Under Section 30(a) of the 1940 Arbitration Act, an Arbitral Award can be set side if the Arbitrator has “misconducted himself or the proceedings”. In K.P. Poulose, (1975) 2 SCC 236 it was held, “misconduct under Section 30(a) has not a connotation of moral lapse. It comprises legal misconduct which is complete if the Arbitrator on the face of the Award arrives at an inconsistent conclusion even on his own finding or arrives at a decision by ignoring very material documents which throw abundant light on the controversy to help a just and fair decision.”
Recently, in Cochin Shipyard Ltd. v. Apeejay Shipping Ltd., [Civil Appeal No. 9187 of 2015] a series of decisions were referred to appreciate the concept of misconduct and how a party is entitled to make it the fulcrum of assail in his objection under Section 30(a). Misra and Pant JJ. specifically declined to enter upon a discussion pertaining to any moral misconduct of an Arbitrator or its relevance.
Can the moral disposition of an Arbitrator color his Award, some of the times that his morality is under scrutiny? The prescription of Parbati Kumar Goswami J. in Polouse shall surely be revisited.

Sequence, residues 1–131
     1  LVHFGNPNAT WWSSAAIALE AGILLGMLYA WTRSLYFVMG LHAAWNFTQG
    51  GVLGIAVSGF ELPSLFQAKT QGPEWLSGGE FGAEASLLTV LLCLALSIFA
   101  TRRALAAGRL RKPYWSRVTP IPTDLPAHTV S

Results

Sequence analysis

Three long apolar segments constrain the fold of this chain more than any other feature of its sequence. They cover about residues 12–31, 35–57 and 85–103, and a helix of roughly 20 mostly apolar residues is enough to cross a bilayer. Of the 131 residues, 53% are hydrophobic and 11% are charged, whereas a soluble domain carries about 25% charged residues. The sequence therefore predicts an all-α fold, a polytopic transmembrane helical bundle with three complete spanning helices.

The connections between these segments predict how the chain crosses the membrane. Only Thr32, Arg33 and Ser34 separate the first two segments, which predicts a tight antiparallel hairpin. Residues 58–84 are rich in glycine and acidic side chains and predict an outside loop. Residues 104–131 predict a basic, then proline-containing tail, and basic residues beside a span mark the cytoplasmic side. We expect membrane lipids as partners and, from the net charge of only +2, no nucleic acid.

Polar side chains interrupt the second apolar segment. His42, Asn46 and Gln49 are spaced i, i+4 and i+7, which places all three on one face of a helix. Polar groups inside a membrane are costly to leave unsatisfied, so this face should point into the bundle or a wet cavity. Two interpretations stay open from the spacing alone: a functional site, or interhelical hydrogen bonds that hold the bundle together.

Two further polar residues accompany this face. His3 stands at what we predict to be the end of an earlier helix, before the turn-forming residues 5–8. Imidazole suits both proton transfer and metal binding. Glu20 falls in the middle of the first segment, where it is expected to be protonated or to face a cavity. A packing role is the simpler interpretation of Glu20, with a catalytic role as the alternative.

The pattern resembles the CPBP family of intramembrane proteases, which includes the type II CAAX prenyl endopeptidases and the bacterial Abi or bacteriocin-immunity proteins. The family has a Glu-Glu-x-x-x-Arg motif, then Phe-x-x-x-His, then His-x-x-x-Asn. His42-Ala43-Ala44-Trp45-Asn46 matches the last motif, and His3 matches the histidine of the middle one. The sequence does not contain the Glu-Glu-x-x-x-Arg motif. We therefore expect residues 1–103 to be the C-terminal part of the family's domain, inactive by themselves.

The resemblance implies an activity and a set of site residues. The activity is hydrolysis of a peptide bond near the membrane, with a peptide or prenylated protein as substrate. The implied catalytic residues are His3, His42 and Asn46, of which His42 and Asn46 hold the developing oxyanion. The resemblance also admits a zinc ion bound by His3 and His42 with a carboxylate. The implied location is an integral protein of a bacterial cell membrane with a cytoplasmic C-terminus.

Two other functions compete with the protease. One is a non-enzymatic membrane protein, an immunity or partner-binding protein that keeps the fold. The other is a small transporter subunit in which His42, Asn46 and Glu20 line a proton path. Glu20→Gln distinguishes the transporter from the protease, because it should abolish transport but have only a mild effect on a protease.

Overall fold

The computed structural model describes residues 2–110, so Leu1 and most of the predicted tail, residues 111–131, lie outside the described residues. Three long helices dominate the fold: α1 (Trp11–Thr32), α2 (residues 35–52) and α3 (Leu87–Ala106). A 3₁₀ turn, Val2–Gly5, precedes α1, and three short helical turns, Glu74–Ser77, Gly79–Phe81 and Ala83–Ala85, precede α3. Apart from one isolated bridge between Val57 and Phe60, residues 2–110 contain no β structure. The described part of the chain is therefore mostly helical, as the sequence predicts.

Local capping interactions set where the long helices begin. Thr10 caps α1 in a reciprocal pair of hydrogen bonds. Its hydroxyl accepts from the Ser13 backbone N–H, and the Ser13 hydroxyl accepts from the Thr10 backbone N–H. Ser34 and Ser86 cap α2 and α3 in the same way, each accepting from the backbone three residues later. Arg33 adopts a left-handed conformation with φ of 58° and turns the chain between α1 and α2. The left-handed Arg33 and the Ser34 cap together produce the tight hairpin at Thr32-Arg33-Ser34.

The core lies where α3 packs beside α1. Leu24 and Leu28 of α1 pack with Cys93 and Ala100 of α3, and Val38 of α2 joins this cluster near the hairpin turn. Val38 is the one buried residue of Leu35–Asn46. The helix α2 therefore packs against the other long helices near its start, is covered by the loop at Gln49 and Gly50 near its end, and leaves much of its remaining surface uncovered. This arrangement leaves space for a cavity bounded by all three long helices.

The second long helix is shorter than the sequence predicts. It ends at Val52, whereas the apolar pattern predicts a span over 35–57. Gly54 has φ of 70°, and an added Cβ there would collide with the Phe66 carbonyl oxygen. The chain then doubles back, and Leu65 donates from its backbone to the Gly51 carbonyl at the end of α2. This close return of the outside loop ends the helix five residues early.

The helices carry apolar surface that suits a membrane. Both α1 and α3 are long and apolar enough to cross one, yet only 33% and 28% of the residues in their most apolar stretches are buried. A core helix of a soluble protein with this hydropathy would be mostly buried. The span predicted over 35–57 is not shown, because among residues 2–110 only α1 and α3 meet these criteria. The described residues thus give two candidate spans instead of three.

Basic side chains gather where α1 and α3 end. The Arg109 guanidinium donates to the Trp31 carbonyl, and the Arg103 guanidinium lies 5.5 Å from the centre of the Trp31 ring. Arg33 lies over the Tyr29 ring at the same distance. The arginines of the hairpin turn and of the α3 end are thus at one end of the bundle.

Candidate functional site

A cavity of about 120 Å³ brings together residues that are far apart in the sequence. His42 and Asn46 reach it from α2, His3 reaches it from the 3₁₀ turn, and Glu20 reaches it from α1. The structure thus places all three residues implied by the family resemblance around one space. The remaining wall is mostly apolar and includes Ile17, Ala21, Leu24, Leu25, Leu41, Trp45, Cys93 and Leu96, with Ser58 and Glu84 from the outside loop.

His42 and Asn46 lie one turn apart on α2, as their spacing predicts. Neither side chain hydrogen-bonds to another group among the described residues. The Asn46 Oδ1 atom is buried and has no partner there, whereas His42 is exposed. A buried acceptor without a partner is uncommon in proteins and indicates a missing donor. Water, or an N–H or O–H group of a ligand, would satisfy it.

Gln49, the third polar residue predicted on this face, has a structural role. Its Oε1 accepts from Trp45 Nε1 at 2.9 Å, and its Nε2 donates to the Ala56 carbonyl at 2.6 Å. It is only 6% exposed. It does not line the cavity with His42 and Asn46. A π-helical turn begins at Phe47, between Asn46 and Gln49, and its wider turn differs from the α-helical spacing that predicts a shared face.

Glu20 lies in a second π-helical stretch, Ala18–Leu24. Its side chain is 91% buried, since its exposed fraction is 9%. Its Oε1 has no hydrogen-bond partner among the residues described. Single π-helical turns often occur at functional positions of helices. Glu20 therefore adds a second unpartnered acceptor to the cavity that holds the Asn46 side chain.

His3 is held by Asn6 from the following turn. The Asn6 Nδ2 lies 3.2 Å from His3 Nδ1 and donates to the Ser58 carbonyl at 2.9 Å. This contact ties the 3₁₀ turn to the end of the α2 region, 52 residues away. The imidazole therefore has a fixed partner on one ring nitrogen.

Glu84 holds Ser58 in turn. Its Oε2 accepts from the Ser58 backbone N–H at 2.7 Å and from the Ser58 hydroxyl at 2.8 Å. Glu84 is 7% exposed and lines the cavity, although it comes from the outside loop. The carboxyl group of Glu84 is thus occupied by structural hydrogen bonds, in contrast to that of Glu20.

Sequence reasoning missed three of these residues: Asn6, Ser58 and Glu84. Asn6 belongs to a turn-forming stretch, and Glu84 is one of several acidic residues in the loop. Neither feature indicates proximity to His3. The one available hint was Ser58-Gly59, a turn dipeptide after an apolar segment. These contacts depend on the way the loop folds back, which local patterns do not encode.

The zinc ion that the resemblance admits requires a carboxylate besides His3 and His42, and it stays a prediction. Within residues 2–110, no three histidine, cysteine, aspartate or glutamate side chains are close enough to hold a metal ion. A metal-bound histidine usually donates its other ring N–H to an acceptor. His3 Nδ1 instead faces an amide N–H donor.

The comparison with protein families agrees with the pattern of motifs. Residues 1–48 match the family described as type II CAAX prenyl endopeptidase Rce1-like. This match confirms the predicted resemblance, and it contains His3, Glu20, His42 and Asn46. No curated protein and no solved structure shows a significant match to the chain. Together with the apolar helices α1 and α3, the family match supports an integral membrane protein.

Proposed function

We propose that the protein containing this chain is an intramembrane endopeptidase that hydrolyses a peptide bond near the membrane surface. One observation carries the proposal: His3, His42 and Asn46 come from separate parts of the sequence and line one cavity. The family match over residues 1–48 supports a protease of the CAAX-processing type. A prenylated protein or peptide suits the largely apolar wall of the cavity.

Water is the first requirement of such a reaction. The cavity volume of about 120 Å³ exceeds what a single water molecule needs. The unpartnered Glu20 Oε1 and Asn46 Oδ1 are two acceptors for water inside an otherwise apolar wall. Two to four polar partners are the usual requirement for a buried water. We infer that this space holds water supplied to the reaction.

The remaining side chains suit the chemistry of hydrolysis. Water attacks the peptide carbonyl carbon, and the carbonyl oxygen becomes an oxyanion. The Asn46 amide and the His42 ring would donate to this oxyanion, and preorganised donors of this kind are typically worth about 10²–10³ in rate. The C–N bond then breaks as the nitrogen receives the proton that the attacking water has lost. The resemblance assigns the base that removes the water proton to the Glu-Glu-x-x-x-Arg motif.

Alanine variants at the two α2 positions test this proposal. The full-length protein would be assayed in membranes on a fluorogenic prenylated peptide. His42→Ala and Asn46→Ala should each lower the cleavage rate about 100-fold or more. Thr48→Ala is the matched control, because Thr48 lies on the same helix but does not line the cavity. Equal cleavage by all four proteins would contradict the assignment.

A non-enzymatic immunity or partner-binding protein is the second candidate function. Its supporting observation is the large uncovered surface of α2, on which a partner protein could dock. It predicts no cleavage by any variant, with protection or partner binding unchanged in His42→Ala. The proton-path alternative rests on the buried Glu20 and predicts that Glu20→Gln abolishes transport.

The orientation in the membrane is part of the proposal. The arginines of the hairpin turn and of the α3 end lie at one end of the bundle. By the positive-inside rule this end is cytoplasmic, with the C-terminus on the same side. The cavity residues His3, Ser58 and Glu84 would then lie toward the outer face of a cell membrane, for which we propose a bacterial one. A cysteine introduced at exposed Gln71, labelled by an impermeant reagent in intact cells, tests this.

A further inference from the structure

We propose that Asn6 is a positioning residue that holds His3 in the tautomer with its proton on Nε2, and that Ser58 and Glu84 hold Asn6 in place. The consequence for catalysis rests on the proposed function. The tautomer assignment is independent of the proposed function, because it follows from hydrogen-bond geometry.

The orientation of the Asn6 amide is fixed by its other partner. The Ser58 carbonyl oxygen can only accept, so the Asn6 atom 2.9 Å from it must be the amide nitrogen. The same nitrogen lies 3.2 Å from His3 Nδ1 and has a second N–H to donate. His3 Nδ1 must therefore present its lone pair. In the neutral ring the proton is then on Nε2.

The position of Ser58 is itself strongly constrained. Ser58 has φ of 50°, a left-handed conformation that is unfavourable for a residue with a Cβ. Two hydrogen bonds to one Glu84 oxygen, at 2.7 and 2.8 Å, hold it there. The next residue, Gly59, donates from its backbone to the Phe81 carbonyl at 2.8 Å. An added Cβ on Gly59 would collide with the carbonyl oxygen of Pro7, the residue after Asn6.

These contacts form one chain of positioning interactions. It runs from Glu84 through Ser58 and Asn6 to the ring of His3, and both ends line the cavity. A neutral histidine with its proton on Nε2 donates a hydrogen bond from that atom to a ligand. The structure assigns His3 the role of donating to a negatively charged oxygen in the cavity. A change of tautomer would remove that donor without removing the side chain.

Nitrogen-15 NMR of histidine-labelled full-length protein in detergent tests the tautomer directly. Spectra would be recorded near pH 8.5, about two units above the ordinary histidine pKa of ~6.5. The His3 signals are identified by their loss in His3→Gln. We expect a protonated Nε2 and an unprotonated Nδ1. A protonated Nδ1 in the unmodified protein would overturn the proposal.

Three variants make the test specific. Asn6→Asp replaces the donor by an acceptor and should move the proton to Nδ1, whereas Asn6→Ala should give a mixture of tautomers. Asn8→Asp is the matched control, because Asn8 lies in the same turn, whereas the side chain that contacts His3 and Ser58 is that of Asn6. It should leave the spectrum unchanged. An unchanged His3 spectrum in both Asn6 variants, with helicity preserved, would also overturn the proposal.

In Ferro Concrete, (2009) 12 SCC 1 it was considered notably, “under the Arbitration Act, 1940 when there is no allegation of moral misconduct against the Arbitrator with reference to the Award, and where the Arbitration has not been superseded, there were only two grounds of attack. First was that there was legal misconduct on the part of the Arbitrator in making the Award. Second was that there was an error apparent on the face of the Award.”
An allegation of moral misconduct against an Arbitrator, in proceedings being held under the 1940 Arbitration Act, is thus a ground of attack. The Gold Fish Arbitrator!